Furthermore, the wood does not shrink or warp even in harsh winters and will resist rot too. Even using nails and screws on mahogany works well. However, it’s more expensive and hard to find, especially in a wood shortage. It’s heavy too and darkens over time as it absorbs sunlight.

Pressure Treated Wood

The benefit of pressure-treated wood is its resistance to rot and bugs. Furthermore, it’s one of the more affordable options and holds up well. Nonetheless, this type of wood can be unstable and can shrink or twist with time. If you choose pressure-treated wood, then go for higher-grade lumber to prevent future problems.

Southern yellow pine is one of the most popular pressure-treated woods as it’s durable, strong, and great for the environment. It’s often treated with nontoxic chemicals making it safer and yet still resistant to rot and bugs. As a result, you can get incredible strength for less money. With a slight green tint from the pressure treatment, yellow pine works well in warmer climates.

One problem with pressure-treated wood is it’s not as stable and may swell, shrink, cup, split, and warp when exposed to the elements. Some boards may require replacement after only a year or two. Use high-quality semi-transparent deck stain and wood preservatives to improve the lifespan of the wood.


Redwood offers incredible beauty but requires maintenance with sealers regularly. Also, redwood can be very expensive, especially if you live on the west coast. However, the wood maintains its stableness and resists warping. What makes this option so great it stays beautiful longer as it contains very little resin to retain its finish.

Many people choose this wood for the reddish-brown hew. Like with cedar, the tannins and oils help to keep the natural beauty longer. Make sure to pressure wash the wood at least once a year to retain the natural beauty and stain every couple of years.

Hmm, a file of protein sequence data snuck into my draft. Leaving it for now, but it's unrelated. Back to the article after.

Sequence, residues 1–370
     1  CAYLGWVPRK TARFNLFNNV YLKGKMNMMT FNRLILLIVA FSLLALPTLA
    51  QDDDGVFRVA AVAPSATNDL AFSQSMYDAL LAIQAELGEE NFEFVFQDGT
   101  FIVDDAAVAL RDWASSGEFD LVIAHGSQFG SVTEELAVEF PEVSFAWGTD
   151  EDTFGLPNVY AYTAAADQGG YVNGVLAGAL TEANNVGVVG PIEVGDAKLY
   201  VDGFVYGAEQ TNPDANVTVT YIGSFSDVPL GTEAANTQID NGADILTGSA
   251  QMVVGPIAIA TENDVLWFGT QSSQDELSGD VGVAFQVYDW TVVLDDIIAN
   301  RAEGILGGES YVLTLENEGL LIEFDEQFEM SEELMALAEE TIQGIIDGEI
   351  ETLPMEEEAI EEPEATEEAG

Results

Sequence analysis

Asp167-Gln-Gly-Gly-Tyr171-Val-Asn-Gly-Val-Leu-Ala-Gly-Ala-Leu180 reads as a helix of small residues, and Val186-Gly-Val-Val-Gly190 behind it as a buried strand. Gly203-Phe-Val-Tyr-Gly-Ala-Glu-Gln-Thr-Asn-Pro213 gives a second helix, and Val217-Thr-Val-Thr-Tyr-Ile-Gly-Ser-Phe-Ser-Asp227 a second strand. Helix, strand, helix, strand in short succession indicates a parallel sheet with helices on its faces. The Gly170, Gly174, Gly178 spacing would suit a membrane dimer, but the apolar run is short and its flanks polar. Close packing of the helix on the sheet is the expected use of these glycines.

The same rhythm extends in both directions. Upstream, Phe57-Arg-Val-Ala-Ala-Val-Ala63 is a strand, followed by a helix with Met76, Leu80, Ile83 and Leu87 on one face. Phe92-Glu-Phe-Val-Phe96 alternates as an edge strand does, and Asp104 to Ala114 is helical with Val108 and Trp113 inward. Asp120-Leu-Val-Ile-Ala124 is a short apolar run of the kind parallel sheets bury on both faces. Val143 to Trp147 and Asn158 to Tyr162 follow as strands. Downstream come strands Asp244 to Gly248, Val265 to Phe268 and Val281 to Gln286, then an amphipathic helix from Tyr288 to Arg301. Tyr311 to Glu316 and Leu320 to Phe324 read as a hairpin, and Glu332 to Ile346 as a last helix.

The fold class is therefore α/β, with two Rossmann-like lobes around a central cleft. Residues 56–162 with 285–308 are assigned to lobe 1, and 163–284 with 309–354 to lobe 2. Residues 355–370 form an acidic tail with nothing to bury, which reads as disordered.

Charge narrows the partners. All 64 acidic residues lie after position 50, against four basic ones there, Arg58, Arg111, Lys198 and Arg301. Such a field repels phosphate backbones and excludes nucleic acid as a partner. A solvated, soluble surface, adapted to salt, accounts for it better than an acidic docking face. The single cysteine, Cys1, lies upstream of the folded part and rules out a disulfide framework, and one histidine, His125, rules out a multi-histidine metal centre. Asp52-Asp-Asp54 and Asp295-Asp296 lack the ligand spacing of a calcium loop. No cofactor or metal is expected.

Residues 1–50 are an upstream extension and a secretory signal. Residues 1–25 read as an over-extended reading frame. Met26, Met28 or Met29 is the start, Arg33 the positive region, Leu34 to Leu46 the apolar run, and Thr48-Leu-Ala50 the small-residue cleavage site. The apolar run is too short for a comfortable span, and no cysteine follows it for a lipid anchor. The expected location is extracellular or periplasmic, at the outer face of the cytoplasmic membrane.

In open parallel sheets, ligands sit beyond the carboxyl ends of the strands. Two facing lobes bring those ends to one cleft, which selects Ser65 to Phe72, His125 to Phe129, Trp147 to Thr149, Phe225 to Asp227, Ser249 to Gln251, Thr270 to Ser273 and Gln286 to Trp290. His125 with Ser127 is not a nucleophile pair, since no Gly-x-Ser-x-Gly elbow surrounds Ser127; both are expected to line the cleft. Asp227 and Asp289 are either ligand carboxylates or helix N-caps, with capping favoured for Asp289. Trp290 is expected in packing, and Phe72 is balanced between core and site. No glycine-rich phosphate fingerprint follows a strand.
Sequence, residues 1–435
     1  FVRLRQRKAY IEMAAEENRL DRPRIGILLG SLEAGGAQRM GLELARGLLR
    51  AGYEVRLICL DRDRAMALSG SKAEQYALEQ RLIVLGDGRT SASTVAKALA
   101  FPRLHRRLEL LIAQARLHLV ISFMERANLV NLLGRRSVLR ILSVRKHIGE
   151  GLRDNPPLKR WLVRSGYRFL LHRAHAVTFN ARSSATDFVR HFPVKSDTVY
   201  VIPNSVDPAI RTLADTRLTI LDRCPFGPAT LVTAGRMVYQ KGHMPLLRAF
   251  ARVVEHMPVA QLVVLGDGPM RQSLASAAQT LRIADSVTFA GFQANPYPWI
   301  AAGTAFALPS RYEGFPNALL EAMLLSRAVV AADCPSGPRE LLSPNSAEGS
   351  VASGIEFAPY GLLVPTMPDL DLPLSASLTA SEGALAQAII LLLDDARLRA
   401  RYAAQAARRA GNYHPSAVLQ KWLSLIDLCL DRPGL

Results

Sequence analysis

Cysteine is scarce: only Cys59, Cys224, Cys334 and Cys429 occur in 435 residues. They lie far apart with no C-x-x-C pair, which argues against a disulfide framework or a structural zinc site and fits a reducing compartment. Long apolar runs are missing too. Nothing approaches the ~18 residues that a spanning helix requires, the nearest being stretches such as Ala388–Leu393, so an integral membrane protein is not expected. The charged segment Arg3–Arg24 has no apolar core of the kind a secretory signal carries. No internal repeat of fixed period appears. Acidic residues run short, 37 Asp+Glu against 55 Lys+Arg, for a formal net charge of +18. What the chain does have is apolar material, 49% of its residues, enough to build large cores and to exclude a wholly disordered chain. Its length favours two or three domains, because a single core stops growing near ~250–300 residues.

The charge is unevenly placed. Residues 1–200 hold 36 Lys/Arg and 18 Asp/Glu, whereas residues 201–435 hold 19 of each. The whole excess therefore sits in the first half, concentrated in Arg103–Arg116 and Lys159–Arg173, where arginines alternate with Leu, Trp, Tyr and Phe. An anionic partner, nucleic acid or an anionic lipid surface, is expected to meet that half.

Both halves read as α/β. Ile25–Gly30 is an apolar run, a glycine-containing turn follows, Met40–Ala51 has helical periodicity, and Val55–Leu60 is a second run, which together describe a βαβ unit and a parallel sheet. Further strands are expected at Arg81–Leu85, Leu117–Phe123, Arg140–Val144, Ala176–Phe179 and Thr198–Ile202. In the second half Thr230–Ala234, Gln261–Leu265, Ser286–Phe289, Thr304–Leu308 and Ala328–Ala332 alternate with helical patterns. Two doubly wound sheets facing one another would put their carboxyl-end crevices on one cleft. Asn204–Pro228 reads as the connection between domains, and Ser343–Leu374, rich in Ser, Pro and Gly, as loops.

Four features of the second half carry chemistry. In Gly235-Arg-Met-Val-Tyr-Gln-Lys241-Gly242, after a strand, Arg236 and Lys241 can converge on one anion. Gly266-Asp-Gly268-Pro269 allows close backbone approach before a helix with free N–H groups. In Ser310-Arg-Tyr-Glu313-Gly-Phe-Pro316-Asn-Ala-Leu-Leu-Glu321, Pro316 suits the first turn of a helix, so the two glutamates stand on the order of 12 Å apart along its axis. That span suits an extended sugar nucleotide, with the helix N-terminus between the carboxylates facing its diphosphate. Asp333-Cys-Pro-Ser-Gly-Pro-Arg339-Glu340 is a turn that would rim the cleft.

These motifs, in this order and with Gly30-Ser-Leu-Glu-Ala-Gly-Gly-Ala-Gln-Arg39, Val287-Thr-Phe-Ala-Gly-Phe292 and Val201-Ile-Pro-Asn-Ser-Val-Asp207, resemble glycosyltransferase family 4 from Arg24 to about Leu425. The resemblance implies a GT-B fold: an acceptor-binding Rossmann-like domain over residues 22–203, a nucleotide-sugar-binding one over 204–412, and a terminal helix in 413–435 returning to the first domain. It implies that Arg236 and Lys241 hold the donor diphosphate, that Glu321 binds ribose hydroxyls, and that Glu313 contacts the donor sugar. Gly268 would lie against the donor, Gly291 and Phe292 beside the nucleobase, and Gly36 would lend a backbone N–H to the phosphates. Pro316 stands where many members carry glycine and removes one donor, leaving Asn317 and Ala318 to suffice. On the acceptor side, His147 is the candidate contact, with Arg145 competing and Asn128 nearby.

Tropical Hardwoods

While more expensive, tropical hardwoods like cumaru, ipe, and tigerwood offer luxury flooring with an exotic ambiance. These woods tend to be more grainy, hard, and durable, with a natural resistance to rotting and insects. Drilling holes in the wood can be difficult though making labor more expensive too. Make sure to apply a UV-blocking preserver to keep the wood looking beautiful.

As tropical hardwoods are extremely dense and hard with beautiful grades, they make for the most impressive styles. The average homeowner cannot afford these options. However, staining the wood can be a difficult process, and when let to weather will deliver a silver patina. If you plan to stain the wood, choose a less tropical option.


With so many options available, it’s best to look at the wood options and consider all the factors. Think about how much maintenance you are willing to put into a deck, along with the color that suits your tastes. Finally, consider the cost and longevity of the wood to help make the right choice to get the deck of your dreams.